Character is everything
Character and virtues; values and ethics. These are the topics that occupy my mind on most days of the week as I oversee the pastoral care, Religion and Values Education, extra-curricular, leadership development and behavioural management aspects of the life of the School. If you have heard me speak, it is likely that you have heard me refer to one or more of the following great quotes –
“Do not believe that excellence can be defined in merely academic terms, without a corresponding concern for the kind of people we are”. (Steve Garber)
“Character is the main object of education” (Mary Woolley)
“Character is at least as important as intellect” (Angela Duckworth)
“Intelligence plus character – that is the goal of true education” (Martin Luther King Jnr.)
“It is possible to get all A’s and still flunk life”. (Walker Percy)
You have probably also heard me say this before: I firmly believe that the most important outcomes of education are not numbers such as ATAR and NAPLAN scores, which simply indicate academic progress at a particular point in time. At St Paul’s School, we subscribe to a more holistic ideal of education, in which we focus on who the child is becoming. Rather than simply focus on what knowledge and skills students have acquired, we want our children to live good lives. We want them to flourish.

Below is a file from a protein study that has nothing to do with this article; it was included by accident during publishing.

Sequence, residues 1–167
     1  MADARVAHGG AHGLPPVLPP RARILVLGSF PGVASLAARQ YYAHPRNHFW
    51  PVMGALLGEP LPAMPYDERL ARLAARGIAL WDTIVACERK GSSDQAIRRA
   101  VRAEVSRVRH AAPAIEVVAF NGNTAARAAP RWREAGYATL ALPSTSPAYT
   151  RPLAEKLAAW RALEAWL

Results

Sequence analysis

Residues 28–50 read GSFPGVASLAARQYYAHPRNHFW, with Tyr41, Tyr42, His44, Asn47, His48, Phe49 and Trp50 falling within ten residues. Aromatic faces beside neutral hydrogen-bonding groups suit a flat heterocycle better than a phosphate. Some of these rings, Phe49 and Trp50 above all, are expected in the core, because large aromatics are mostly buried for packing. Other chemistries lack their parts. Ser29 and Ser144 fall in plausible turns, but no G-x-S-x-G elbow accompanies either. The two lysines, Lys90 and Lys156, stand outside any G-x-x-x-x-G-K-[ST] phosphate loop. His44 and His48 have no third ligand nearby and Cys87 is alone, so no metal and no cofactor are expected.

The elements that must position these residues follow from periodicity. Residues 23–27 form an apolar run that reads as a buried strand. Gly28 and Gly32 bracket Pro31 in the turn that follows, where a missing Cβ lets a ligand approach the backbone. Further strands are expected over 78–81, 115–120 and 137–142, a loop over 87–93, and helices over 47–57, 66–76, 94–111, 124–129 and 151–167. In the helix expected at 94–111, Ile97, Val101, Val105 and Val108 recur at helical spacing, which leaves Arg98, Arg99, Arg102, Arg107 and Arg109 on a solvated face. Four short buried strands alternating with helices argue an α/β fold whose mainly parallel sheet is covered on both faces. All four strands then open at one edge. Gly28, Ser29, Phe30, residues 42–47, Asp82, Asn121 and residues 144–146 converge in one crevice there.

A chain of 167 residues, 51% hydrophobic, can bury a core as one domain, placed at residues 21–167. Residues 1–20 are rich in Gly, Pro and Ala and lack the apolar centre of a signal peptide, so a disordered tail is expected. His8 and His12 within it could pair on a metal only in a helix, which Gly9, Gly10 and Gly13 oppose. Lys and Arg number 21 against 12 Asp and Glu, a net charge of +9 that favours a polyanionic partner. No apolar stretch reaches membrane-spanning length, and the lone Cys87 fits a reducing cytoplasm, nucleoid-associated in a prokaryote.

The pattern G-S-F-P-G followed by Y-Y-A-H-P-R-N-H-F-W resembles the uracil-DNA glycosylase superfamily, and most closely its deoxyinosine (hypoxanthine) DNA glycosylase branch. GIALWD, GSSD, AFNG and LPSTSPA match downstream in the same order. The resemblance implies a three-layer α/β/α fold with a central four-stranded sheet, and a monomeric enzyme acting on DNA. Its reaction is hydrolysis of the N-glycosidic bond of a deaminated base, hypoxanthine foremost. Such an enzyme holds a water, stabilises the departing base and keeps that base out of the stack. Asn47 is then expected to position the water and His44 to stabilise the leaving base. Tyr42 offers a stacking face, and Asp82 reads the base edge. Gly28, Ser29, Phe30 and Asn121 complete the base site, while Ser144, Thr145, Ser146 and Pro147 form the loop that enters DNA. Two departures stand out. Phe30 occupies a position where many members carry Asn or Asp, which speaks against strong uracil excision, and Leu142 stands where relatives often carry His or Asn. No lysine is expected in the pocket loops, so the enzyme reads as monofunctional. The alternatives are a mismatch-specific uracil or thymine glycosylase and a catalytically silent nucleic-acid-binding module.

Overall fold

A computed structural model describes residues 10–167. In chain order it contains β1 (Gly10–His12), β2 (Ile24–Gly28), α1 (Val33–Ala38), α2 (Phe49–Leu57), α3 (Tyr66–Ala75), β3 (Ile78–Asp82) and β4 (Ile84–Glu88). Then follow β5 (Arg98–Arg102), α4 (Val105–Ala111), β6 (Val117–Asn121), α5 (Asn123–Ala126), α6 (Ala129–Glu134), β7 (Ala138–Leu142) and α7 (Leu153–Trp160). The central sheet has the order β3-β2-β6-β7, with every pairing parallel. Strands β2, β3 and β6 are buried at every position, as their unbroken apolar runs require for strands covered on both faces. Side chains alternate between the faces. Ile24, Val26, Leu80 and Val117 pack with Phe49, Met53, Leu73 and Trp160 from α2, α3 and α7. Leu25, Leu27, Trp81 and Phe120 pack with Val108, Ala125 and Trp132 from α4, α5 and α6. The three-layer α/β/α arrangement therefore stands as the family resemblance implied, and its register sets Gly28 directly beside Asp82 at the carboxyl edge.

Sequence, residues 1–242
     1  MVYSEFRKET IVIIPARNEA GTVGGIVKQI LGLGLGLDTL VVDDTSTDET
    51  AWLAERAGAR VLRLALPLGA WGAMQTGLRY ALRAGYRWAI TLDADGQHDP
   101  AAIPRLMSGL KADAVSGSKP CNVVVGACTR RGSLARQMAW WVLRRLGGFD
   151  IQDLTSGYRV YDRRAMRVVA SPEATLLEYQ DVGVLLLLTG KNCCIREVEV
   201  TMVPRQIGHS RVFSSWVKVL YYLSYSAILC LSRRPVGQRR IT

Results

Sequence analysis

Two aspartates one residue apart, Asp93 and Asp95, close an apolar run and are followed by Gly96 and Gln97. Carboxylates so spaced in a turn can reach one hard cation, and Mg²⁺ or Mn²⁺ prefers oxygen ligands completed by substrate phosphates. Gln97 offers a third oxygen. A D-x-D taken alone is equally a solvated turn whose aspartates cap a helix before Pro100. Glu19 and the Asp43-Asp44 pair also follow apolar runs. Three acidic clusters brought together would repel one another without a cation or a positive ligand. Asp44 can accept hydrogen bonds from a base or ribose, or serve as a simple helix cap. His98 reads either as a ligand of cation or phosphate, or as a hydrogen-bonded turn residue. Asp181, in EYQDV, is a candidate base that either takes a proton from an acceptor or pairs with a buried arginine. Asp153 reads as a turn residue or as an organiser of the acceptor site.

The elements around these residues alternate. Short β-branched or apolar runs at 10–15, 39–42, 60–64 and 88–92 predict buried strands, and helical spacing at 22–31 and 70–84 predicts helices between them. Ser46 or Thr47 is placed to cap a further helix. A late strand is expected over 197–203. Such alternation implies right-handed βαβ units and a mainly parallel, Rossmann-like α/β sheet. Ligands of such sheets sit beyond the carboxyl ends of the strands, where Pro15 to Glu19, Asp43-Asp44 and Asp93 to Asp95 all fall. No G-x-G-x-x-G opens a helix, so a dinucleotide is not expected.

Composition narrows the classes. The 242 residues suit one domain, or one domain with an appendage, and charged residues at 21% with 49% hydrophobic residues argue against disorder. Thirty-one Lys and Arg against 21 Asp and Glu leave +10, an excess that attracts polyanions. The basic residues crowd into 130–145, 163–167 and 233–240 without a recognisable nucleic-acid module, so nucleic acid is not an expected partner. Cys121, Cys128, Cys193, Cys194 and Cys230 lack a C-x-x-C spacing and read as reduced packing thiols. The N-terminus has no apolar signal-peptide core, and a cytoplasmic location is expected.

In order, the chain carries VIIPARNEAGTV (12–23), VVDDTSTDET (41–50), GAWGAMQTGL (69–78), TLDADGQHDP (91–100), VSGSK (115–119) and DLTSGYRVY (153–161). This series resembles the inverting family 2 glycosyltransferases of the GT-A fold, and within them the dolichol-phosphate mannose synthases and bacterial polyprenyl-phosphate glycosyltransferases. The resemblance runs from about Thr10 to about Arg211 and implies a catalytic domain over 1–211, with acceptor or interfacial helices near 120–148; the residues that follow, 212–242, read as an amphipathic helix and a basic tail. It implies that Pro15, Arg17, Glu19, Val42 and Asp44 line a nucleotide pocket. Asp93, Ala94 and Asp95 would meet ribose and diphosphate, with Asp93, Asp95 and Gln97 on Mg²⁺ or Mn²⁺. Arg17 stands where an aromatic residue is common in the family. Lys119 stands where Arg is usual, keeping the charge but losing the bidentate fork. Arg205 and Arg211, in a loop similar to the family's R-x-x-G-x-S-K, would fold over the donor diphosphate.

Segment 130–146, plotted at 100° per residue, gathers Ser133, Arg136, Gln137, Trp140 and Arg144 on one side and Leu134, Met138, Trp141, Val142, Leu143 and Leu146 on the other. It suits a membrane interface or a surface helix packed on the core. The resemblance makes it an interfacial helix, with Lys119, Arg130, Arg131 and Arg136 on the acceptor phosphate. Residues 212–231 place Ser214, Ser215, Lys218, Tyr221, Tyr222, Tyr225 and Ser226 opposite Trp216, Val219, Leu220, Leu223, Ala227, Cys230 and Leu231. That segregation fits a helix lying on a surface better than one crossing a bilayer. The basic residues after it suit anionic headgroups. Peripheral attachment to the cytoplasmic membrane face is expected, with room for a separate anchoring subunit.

As you may have heard from your child(ren), in the Secondary School we have experienced a spate of graffiti and other acts of vandalism in recent weeks. Vaping continues to be a matter of concern also. We are not alone in this: colleagues in other schools are reporting exactly the same issues (not helped by some challenges being propagated by the TikTok social media platform). But we are not “other schools”. We are St Paul’s School, and we aim to produce young men and women of character, which is why we (and I include the majority of students here) have been so disappointed that a very small minority have failed to live up to our standards.
Dr Browning and I, together with the House Leaders, have been urging the students to think before they act. The following wise advice has come down the ages from Lao-Tze, a Chinese philosopher from the 6th century BC –
“Watch your thoughts; they become words.
Watch your words; they become actions.
Watch your actions; they become habits.
Watch your habits; they become character.
Watch your character; it becomes your destiny.”
Mr Nigel Grant
Executive Director of Faith & Community